Frequently Asked Questions

What can I expect from relocating to San Francisco/the Bay Area?
The SF Bay Area is one of the most diverse regions in the U.S. You can find famous beaches, forests, wineries, museums, and restaurants here. It is also home to many tech companies, such as Facebook, Google, and Twitter. For these reasons, it is also one of the most expensive places to live. You can expect a higher cost of living, but also unique places to explore and enjoy. There is always something fun, inexpensive (or free) to do; there are numerous festivals, shows, and other events throughout the Bay Area. Certain things, such as local, fresh produce, can be considerably less expensive in the Bay Area than in other major cities. Commuting is the norm in the Bay Area with a good public transportation system. USF offers a monthly $81 reimbursement for employee commuting needs if living at least a 1/2 mile from the campus or you can purchase a parking pass with pre-tax dollars through a payroll deduction. There is something for everyone in the Bay Area—a reason that many people say the cost of living here is “worth it.”

Can postdoctoral fellows facilitate groups?
Yes, there are several different group facilitation opportunities. Most frequently, postdoctoral fellows have partnered with licensed psychologists to co-facilitate support, interpersonal process, or skills-based groups. 

Are postdoctoral fellows provided their own office?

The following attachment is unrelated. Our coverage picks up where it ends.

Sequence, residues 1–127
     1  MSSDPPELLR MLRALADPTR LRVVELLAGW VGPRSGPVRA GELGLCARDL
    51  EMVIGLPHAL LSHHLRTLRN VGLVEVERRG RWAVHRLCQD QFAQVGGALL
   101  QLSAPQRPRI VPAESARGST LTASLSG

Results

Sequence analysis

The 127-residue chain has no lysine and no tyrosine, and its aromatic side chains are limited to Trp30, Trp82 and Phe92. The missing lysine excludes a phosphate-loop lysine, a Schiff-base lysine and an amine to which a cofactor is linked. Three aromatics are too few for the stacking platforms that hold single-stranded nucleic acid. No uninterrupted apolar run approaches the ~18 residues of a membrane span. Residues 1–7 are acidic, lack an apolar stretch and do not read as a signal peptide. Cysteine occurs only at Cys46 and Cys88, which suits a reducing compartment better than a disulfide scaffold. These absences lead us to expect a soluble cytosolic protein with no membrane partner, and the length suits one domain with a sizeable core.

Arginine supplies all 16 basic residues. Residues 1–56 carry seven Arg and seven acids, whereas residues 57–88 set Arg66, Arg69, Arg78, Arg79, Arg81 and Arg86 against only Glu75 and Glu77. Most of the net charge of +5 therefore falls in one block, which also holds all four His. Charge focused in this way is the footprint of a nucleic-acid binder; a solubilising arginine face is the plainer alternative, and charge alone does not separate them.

Yes, they are provided with their own furnished office at CAPS and are encouraged to personalize their space by bringing in art and other décor.

Are there opportunities to do outreach?
CAPS provides outreach throughout the academic year. There are opportunities for postdoctoral fellows to develop their own outreach projects, serve on University committees, or partner with other CAPS staff to provide ongoing outreach. Past projects have included providing training to resident advisors, presenting to families of incoming students, organizing sexual assault awareness month events, and acting as a guest presenter for a USF course.

Will postdoctoral fellows be able to provide supervision?
Postdoctoral Fellows provide one hour of individual supervision to an advanced practicum student on a weekly basis. The Postdoctoral Fellow and a licensed staff psychologist make up the “supervision team” and monitor the overall clinical and professional development of the practicum student throughout the training year. Specific goals are developed collaboratively by the supervision team and practicum student to supplement the general goals of the traineeship and provide an individualized learning experience.

How are supervisory assignments made?
Prior to the start of the fellowship, postdoctoral fellows complete a self-reflection questionnaire about supervisory needs. Supervisors are then selected based on your needs and clinical interests, as well as staff capacity. Postdoctoral fellows have an opportunity to be supervised by several staff psychologists by participating in two individual supervisions (one with a primary supervisor and one with a delegated supervisor) and two group supervisions per week.

Do postdoctoral fellows receive professional development time?